beloved "DEVA." Economics, Industry, and Coordination Minister
Marco Vargas acknowledged to us that the different objectives of JAP
and DEVA lie at the core of the port problem.



--------------------------


THE ARIAS ADMINISTRATION CHARTS A NEW COURSE


--------------------------





6. (SBU) The relationship between JAPDEVA and the GOCR changed with
the election of President Oscar Arias in 2006. Early on, the Arias
administration indicated its interest in tendering Limon-Moin port
operations to a private concessionaire. At the much smaller port of
Caldera on the Pacific, the GOCR completed a successful concession
with a Colombian company in 2006. But, on the Caribbean, SINTRAJAP
pressed the Arias administration to modernize port operations by
maintaining the JAPDEVA management/ local development structure and
to halt the concessionaire strategy. From 2006-2007, the GOCR and
SINTRAJAP engaged in a series of negotiations aimed to settle past
disagreements through cash payments to SINTRAJAP. Talks were
complicated by the backdrop of the CAFTA debate. SINTRAJAP was
egged on by their public sector union brothers, who were among the
most vocal opponents of CAFTA. GOCR toughness with the port workers
waxed and waned, linked to how well (or not) the CAFTA debate was
proceeding in the national legislature and around the country.



--------------------------


THE FORCEFUL VOICE OF LABOR


--------------------------





7. (SBU) In mid-2007, during a dispute over work schedules, the
GOCR paid SINTRAJAP USD 7 million to accept a work schedule of three
eight-hour shifts and no overtime, displacing the prevailing union
system of four six-hour shifts plus overtime. (The dispute and
apparent resolution helped the GOCR put out one political "fire" as
the CAFTA question headed for a contentious national referendum.)
However, SINTRAJAP continued its work slowdown, delaying export and
import services. With the CAFTA fight on its mind, the GOCR then
reversed its position and agreed to the union work schedule demands
in order to avoid further stoppages or slowdowns. However, Costa
Rica's Constitutional Court ruled in favor of eight-hour shifts and
the GOCR's Controller demanded that JAPDEVA stop paying permanent
overtime. (COMMENT: This confusing mix of government, union, court,
and Controller is typical of the "governability" challenges facing
Costa Rica. END COMMENT.)



8. (U) With the Controller's decision, and the Court's ruling
(neither of which JAPDEVA could easily challenge), negotiations on
pay stopped. The GOCR reverted to its original position, insisting
on eight-hour shifts, plus the addition of 100 new positions. In
October 2008 (with CAFTA finally ratified and headed for
implementation), the GOCR proceeded with its private concession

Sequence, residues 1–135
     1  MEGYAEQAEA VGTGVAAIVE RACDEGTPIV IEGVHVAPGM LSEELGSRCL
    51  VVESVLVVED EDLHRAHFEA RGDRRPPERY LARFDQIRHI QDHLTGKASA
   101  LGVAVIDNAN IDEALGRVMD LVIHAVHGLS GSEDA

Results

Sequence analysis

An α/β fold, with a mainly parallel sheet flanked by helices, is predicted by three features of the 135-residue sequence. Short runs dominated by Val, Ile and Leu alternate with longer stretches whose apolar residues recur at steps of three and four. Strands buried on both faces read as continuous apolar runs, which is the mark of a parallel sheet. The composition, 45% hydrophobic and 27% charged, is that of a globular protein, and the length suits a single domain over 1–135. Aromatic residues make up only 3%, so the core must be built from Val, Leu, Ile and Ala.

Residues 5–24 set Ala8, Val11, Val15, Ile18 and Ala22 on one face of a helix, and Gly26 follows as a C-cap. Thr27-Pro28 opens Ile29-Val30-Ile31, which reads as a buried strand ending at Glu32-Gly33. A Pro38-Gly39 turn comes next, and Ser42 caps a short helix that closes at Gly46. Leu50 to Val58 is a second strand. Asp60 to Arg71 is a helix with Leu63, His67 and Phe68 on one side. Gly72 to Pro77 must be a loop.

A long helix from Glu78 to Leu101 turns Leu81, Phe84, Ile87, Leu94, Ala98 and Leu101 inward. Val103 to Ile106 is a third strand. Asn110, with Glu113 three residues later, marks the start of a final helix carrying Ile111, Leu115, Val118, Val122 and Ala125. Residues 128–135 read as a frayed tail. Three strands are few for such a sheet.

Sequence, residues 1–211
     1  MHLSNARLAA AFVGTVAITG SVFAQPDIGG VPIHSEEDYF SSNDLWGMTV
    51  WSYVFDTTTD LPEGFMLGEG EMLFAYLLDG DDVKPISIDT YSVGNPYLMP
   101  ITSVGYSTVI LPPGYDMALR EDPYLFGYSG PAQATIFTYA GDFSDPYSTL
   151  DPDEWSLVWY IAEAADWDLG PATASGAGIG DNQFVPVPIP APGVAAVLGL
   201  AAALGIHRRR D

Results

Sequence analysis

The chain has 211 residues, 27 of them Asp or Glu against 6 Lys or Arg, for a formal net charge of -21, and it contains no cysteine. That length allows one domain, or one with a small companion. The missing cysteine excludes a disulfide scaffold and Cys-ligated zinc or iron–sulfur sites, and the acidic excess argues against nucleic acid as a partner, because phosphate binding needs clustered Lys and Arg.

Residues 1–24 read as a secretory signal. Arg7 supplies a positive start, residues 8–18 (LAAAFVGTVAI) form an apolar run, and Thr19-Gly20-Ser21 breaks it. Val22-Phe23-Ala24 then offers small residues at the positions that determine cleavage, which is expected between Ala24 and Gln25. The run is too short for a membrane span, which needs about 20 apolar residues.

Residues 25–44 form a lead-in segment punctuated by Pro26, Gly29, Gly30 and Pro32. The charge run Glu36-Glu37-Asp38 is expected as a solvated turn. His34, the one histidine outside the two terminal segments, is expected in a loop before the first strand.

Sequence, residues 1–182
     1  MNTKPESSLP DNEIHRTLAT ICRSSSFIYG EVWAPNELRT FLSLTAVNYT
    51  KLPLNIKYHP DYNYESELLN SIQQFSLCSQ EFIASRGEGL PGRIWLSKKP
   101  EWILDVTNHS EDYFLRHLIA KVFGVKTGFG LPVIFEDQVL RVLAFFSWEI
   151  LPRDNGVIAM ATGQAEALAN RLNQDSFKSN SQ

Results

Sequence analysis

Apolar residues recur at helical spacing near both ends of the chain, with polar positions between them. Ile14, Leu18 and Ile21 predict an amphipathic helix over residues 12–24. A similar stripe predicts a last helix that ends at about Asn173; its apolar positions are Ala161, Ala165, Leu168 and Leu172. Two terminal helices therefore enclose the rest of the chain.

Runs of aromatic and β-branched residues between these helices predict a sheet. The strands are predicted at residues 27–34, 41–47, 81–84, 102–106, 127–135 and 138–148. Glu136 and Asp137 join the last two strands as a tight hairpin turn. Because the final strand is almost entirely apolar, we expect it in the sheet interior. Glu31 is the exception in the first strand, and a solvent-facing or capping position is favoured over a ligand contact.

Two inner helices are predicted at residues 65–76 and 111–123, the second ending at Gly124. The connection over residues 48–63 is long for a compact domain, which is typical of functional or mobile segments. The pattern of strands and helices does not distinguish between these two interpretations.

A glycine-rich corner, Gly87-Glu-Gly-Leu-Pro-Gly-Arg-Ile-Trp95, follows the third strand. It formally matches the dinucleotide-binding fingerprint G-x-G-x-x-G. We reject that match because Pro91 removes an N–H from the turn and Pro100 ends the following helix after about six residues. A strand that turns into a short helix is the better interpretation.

strategy by proposing a USD 80 million severance payment to
SINTRAJAP's work force (a USD 57,100 per person proposition).
SINTRAJAP countered the offer by opposing a private concession
(again) and demanded a USD 500 million payment (i.e. USD 357,100 per
person). Minister Vargas described the counter offer as "absurd."




9. (U) Earlier this year, SINTRAP threatened to "strike
indefinitely" if the GOCR were to tender a modernization/
development concession to a private operator. The union's most
recent demands consist of: refusal of any private concession,
investment by the (GOCR) of USD 80 million to upgrade the Limon-Moin
port facilities (in lieu of severance), and loosen JAPDEVA's legal/
budgetary restrictions so that it can compete (i.e., with the new
port).



--------------------------



--------------------------


PORT OPERATIONS: SLOW, COSTLY AND BEHIND-THE-TIMES


--------------------------



--------------------------





10. (U) Ports officials at JAPDEVA and an official at the shipping
company Maersk have described to us the following problems hampering
operations at Limon and Moin:

-- The typical waiting time per vessel is 42 hours. Through better
management and efficiencies, the wait time can be reduced to 22
hours;

-- At Limon, only one of two heavy lift cranes function;

-- There are no such cranes in Moin (vessel-based cranes move
containers to/from the dock);

-- On average, only 40 percent of all equipment is functional;

-- More automatic operations are desperately needed. This would
eliminate on-site payment of services and streamline documentation
processing;

-- Inflexible work force rules degrade port services;

-- Shippers need space for container yards adjacent to the docks;
these do not exist at either Limon or Moin; and

-- JAPDEVA is limited by its internal cash flow. With annual
revenue of USD 28 million, only USD 9 million remain after expenses
for investment in modernization. At a projected cost of at least
USD 500 million, financing such a sum with annual debt payments of